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Structural changes in model compounds of sludge extracellular polymeric substances caused by exposure to free nitrous acid.

Authors
  • Chislett, Mariella1
  • Guo, Jianhua1
  • Bond, Philip L1
  • Yuan, Zhiguo2
  • 1 Advanced Water Management Centre (AWMC), The University of Queensland, QLD 4072, Australia. , (Australia)
  • 2 Advanced Water Management Centre (AWMC), The University of Queensland, QLD 4072, Australia. Electronic address: [email protected] , (Australia)
Type
Published Article
Journal
Water research
Publication Date
Jan 01, 2021
Volume
188
Pages
116553–116553
Identifiers
DOI: 10.1016/j.watres.2020.116553
PMID: 33137531
Source
Medline
Keywords
Language
English
License
Unknown

Abstract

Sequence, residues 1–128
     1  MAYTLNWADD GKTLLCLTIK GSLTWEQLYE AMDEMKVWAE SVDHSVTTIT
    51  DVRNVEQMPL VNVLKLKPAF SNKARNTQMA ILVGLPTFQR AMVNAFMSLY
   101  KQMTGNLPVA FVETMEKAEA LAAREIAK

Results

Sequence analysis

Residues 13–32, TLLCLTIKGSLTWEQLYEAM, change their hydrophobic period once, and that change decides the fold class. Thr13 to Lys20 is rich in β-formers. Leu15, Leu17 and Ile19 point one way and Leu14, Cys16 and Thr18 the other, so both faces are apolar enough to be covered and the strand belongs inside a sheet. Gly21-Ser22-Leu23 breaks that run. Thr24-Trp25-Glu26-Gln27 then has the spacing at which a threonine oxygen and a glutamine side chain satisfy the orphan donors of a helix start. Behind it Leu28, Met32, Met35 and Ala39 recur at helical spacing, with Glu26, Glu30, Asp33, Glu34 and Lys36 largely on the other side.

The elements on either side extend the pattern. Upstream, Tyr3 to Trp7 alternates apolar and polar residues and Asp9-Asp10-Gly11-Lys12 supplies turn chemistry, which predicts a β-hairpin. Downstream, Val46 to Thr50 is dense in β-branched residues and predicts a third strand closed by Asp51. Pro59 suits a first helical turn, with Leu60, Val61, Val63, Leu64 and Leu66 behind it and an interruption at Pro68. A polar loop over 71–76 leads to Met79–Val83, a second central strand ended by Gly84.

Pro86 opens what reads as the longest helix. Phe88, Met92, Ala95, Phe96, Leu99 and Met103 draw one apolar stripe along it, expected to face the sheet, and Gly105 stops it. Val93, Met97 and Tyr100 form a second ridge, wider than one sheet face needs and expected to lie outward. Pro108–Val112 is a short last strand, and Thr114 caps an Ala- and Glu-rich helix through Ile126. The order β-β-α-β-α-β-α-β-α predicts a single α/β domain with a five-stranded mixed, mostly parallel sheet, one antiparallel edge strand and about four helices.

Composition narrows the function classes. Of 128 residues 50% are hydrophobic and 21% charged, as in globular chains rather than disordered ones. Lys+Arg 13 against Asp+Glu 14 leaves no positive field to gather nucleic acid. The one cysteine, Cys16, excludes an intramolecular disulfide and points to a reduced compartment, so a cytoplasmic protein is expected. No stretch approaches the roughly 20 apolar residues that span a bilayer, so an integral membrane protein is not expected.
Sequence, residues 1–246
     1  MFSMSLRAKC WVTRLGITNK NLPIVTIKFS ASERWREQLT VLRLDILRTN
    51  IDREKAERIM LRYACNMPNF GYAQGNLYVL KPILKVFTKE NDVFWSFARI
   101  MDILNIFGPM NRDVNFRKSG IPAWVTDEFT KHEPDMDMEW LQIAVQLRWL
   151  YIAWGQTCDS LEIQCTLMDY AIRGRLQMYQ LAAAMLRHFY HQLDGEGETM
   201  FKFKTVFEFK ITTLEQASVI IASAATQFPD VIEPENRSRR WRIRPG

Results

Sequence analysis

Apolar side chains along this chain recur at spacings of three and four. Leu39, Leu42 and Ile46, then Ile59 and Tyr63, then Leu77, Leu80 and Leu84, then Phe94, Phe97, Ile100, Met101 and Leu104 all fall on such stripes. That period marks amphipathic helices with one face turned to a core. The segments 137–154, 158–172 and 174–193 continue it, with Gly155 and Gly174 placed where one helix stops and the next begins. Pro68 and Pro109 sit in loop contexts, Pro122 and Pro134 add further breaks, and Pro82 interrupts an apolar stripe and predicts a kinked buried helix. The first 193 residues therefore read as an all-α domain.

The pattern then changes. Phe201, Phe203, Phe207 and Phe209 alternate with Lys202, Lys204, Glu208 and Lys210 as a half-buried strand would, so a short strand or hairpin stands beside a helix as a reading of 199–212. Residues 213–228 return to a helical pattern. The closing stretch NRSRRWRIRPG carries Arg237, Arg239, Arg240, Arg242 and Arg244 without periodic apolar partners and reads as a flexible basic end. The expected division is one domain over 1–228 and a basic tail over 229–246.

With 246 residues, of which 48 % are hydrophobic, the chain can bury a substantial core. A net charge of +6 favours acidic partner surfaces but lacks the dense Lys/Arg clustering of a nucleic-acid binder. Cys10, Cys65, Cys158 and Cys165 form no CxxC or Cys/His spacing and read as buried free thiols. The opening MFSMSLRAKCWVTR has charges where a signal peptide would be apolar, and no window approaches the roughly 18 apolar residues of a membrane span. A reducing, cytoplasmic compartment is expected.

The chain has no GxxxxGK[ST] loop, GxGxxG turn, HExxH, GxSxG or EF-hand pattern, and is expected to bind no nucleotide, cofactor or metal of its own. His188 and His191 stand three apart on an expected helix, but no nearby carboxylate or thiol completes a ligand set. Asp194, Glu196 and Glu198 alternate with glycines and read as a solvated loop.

Previous studies demonstrate that free nitrous acid (FNA i.e. HNO2) detaches sewer biofilms, breaks down flocs of waste activated sludge (WAS) and enhances biogas production from WAS. This suggests possible interactions of FNA with organic extracellular polymeric substances (EPS) that bind the cells into biofilms or sludge flocs. This study evaluates the chemical interactions and reaction mechanisms between FNA and molecules representative of key EPS in biofilm and sludge flocs. Molecules chosen to represent components found in the extracellular polymeric matrix were treated with FNA at 6.09 mgN/L (NO2- = 250 mgN/L, pH = 5.0 ± 0.2, T = 22 °C) for 24 hours (conditions typically used in applications) so as to consider the hypothesized chemical interactions and the consequent reaction pathways. A number of analytical techniques were employed to measure the molecular changes in the EPS molecules including; proton (1H) nuclear magnetic resonance spectroscopy (NMR), electrospray ionisation mass spectrometry (ESI-MS) and gel permeation chromatography (GPC). The results demonstrated that FNA broke down a range of large EPS molecules including carbohydrates, protein and lipids to smaller molecules. Two mechanistic pathways have been proposed including electrophilic substitution, whereby the nitrosium ion (NO+) was the reactive electrophile, and oxidative radical reactions, through which the nitrogen radicals (.NO2, .NO) and reactive nitrogen intermediates (RNIs) (e.g. N2O3 and N2O4) formed from the decomposition of FNA became part of the reaction products. Larger, more complex organic molecules such as humic acid, required higher concentrations of FNA (6.09 mgN/L or greater) to cause molecular breakdown, whereas smaller molecules, such as calcium alginate, was broken down at lower concentrations (3.04 mgN/L). The study contributes to the understanding of the fundamental mechanisms behind the application of FNA for biofilm control and flocular sludge disintegration. Copyright © 2020. Published by Elsevier Ltd.

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